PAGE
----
License probe after dog attack

Questions are raised as to why a Rottweiler, a breed which Shanghai residents are banned from raising, managed to be registered as a pet. 
License probe after dog attack
Xuan Kejiong

A photograph posted online shows a woman lying on the ground after she was attacked by a Rottweiler in Minhang District last Saturday.

Police confirmed on Wednesday that the dog which attacked and injured a Japanese woman in Minhang District last Saturday was a Rottweiler, a banned breed in Shanghai.

An investigation has begun into how the dog’s owner managed to license the animal. He told local media that his pet was registered as “mixed-breed.”

Rottweilers are among 21 breeds of large dog considered a danger to the public and banned in the city.  

Notably, mixed-breeds descended from such dogs are also banned.

To apply for a dog license, the owner needs to go to a pet hospital authorized by the city’s veterinarian authorities, the agricultural commission, to get the pet vaccinated before filing an application with the police.

The breed is stated on the vaccination documents and police don’t require the presence of the dog when accepting applications.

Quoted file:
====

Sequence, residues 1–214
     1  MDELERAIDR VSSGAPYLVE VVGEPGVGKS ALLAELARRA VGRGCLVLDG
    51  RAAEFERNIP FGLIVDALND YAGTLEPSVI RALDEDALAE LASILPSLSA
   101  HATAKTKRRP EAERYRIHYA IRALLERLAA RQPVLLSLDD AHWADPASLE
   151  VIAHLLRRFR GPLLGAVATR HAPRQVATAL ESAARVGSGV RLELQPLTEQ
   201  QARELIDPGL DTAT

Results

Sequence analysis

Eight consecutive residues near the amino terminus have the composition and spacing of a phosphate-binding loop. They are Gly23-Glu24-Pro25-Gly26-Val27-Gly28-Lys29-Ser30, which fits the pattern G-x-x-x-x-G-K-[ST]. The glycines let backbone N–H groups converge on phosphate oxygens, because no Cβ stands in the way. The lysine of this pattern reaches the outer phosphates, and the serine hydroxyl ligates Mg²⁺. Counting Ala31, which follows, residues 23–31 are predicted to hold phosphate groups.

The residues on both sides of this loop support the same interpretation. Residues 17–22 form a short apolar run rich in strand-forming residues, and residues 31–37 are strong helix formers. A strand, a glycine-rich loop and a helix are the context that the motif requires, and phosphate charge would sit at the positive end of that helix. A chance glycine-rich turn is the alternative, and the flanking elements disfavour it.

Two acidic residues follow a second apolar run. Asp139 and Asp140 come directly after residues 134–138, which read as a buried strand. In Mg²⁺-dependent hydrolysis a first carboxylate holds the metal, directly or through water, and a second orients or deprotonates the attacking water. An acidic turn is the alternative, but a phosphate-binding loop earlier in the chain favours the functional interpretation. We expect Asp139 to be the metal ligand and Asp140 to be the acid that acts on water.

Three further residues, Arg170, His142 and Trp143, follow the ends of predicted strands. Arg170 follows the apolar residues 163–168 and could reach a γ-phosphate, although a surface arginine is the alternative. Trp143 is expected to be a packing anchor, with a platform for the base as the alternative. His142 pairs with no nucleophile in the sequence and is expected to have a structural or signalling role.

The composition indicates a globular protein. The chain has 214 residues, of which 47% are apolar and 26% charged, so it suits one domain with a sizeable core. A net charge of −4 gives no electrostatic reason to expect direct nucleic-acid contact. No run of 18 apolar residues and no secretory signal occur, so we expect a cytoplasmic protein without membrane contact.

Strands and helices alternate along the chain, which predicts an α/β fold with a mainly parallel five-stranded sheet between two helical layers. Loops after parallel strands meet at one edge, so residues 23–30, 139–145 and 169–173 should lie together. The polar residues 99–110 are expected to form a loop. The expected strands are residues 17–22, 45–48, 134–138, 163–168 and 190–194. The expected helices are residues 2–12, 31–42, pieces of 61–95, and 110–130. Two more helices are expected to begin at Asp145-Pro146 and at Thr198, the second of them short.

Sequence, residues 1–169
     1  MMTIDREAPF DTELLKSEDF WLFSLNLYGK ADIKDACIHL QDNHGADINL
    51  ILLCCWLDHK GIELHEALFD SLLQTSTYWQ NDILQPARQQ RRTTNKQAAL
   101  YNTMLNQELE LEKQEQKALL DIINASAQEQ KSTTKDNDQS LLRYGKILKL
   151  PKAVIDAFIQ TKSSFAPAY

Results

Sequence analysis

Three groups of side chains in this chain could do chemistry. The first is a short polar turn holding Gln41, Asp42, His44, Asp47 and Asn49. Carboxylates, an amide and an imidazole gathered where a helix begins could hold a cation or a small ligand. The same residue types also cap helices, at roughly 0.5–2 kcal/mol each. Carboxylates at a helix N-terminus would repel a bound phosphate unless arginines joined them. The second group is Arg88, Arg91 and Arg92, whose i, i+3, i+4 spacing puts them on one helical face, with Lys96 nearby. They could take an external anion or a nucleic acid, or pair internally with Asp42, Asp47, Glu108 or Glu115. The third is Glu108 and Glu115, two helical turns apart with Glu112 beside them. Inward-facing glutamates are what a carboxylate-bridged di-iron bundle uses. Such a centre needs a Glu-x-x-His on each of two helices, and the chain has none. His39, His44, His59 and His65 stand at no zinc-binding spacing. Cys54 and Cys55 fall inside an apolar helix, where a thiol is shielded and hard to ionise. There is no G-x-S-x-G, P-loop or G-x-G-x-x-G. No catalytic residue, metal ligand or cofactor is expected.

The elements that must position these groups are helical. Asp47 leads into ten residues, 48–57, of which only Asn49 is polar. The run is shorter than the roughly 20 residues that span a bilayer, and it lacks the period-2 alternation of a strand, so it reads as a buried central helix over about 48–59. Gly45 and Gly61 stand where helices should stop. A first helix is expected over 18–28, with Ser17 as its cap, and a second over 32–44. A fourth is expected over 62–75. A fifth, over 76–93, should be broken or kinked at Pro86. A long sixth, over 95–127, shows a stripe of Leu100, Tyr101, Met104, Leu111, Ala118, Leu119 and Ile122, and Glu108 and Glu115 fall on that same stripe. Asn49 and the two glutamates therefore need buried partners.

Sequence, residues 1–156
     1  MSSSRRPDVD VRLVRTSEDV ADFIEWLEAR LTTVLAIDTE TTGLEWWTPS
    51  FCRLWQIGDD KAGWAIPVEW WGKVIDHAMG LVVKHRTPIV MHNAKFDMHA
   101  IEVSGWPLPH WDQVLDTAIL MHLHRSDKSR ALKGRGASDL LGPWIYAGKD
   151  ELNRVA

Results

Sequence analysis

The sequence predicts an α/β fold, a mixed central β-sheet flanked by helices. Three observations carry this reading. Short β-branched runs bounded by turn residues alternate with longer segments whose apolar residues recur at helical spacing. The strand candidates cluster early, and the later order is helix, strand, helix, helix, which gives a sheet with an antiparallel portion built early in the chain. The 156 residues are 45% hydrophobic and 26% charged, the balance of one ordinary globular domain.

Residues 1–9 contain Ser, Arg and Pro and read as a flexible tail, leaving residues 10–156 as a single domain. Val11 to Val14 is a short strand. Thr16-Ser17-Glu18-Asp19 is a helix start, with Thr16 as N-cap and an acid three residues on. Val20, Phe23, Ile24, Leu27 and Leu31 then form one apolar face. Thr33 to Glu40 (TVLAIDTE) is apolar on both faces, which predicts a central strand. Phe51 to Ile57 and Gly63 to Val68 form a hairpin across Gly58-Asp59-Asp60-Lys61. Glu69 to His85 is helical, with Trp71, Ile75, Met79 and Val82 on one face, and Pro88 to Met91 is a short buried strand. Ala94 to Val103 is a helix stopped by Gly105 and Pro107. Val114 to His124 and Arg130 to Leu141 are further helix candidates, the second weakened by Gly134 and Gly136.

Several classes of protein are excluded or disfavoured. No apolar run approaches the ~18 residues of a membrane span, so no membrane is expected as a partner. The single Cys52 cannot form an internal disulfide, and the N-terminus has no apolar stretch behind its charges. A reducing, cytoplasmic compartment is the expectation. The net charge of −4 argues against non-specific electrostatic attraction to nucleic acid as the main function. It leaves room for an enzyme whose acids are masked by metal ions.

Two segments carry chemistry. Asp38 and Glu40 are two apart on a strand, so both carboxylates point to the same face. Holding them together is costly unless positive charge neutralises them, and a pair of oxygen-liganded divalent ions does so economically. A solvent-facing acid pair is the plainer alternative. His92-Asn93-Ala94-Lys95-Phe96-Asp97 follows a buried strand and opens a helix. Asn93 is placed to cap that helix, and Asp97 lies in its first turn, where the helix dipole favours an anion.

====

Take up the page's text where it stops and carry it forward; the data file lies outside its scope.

Local pet hospitals confirmed that when they fill in a vaccination form, “mixed-breed” is one of the choices listed.

A staff member at Vet Anan Pet Hospital on Kaixuan Road told Shanghai Daily that pet dogs can get vaccinated only after 3 months old, and it should be clear what breed a dog is at that age.

“But it’s not always the case because it’s really hard to tell the origin of some mixed-breed dogs sometimes,” she said. 

At the Bonbon pet hospital on Fahuazhen Road, a staff member said it determines the breed of a dog in mixed-breed cases based on its “stronger features.”

“The pet owner fills out the vaccination form first and then we will check,” she said. “In most cases the breed of a dog is obvious.”

She added that the hospital vaccinates all kinds of dogs, but doesn't have the right to decide which one to give licence. 

Local media reported that the Minhang District animal disease prevention and control center, the institution under the agricultural commission which supervises pet vaccination, has begun an investigation into the pet hospital which filled out the vaccination form for the owner in the Minhang case.

As of Wednesday evening, the agricultural commission was not available for comment.

Police said that after the Minhang incident, the Rottweiler was taken away and is now in a shelter.

They reminded owners that large dogs are required to wear muzzles in public. 

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